Table of Contents
Pittman DC-85, 85A and 85X
The DC-85 series motors were, in a word, LARGE. At 1-5/8" long, 1-1/16" tall (even when laid down flat on it's side) and weighing 4-1/2 ounces all by itself, Pittman's DC-85 was among the largest and heaviest motors slot racers would ever use. This was not a motor for a road car; it found it's place among the ranks of the drag racers.
Originally the DC-85 was developed for model trains, so with its 12 volt windings it operated at no more than 9,200 RPM, but generated twice the horsepower of a DC-65.
Success in the drag racing venue prompted Pittman to introduce a six volt version in 1963, which they dubbed the DC-85A. It had 20% more RPM and 30% more horsepower than its predecessor; the almost inevitable result was that at the drag strip this motor was very nearly unbeatable in every class:
As a side note, check who won the Stock Class in Division One (with a DC-85A of course).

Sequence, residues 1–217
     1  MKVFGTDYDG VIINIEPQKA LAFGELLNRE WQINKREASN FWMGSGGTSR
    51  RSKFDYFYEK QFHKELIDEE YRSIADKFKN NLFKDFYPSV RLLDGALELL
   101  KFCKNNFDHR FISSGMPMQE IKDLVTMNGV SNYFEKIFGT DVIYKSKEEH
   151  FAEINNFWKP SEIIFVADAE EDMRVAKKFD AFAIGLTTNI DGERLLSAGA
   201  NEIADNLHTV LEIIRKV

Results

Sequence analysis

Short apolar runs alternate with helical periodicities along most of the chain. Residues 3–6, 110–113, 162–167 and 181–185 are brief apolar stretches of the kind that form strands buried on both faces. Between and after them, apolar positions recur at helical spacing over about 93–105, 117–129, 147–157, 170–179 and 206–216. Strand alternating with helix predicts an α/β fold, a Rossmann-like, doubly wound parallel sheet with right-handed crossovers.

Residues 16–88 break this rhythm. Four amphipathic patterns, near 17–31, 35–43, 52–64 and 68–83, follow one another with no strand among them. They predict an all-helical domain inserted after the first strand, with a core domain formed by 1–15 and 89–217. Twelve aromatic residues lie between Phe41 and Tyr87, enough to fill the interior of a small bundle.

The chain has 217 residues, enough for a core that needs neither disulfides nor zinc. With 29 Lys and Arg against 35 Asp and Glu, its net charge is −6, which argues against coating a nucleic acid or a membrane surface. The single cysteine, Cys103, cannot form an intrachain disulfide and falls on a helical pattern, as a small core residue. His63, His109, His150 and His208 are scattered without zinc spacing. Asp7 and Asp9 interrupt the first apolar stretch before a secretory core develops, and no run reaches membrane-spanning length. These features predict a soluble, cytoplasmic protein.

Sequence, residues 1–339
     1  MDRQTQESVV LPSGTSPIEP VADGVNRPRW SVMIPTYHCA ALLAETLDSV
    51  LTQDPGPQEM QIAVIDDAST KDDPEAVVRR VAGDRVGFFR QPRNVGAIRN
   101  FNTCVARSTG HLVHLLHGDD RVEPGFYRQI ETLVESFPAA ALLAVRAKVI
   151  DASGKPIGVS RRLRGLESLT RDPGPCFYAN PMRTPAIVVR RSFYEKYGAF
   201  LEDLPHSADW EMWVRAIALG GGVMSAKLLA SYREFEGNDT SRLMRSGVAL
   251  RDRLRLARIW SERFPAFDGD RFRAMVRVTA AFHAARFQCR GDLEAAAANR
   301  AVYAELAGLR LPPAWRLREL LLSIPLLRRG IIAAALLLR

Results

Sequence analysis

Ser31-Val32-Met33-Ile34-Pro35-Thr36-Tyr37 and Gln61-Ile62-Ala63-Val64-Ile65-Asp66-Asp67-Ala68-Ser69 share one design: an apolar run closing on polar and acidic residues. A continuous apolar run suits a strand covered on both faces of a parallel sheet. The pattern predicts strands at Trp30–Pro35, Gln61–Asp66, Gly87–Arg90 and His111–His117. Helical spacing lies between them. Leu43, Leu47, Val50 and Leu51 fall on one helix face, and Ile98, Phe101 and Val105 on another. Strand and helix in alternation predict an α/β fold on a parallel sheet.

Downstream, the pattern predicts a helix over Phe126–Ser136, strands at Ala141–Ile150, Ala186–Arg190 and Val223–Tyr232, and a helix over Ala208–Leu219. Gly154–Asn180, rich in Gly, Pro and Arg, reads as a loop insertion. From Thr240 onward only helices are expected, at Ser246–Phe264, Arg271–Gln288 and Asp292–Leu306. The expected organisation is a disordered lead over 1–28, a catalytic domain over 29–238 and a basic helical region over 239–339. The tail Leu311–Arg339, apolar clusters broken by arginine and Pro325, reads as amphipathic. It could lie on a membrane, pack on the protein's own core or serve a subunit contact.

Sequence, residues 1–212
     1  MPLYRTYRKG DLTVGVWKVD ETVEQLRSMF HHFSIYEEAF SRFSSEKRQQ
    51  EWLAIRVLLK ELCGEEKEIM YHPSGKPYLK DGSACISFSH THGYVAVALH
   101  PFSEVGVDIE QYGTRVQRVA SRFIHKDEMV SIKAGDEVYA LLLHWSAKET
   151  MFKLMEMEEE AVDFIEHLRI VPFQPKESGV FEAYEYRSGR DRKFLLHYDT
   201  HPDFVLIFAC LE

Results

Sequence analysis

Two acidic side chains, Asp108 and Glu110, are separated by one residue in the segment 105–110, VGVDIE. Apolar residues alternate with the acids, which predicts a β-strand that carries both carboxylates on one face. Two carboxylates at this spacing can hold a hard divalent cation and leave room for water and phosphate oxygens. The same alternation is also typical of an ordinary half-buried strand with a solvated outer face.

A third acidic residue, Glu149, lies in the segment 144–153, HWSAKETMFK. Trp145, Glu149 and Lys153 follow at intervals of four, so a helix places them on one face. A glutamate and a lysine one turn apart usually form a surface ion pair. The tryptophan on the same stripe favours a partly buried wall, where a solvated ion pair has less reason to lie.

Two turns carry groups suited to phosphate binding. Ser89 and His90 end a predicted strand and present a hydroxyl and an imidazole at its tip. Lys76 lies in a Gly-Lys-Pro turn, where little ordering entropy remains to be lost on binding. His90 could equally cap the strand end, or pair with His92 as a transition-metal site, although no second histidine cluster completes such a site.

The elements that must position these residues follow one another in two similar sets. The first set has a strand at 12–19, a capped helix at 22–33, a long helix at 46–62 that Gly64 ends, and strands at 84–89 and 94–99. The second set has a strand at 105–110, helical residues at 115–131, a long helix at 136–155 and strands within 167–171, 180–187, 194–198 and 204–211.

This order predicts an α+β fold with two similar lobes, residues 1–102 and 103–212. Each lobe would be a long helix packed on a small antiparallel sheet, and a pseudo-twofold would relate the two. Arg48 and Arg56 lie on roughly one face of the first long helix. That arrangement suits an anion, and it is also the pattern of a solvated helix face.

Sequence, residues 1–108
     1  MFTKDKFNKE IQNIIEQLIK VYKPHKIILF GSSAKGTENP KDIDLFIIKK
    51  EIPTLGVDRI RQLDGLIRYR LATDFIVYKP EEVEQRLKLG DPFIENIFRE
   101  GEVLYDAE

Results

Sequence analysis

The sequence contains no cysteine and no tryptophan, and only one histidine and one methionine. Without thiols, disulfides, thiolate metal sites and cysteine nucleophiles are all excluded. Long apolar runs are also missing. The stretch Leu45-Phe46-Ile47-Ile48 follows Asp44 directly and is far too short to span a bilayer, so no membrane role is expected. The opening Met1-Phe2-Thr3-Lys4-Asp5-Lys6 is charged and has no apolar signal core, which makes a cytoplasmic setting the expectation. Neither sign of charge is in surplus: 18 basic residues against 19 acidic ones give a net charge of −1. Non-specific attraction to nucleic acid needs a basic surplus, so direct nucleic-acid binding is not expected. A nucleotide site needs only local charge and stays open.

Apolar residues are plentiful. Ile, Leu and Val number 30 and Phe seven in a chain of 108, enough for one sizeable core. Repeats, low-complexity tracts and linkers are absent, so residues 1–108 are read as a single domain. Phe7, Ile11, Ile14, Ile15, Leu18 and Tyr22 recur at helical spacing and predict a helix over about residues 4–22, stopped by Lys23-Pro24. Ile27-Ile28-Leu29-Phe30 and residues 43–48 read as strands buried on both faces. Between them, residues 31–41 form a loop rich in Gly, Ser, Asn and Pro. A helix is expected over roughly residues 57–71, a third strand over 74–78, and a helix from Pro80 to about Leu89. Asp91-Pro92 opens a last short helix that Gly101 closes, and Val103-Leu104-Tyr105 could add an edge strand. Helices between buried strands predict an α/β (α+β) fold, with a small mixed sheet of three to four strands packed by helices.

At the end of 1963 Pittman introduced yet another new version of this spectacularly successful motor, which they called the DC-85X. This new version however may have been no more than a name change. The DC-85X is also a six volt motor, has the same number of magnet field laminations as the DC-85A-6, and in every other visible way appears to be identical to the DC-85A-6.
For more information about the DC-85X, click here.
In the middle of 1965, Pittman made another change; they discontinued the DC-85 series, and replaced it with (or perhaps just renamed it) the DC-84 series, as evidenced on page 91 of the 1966 Auto World catalog: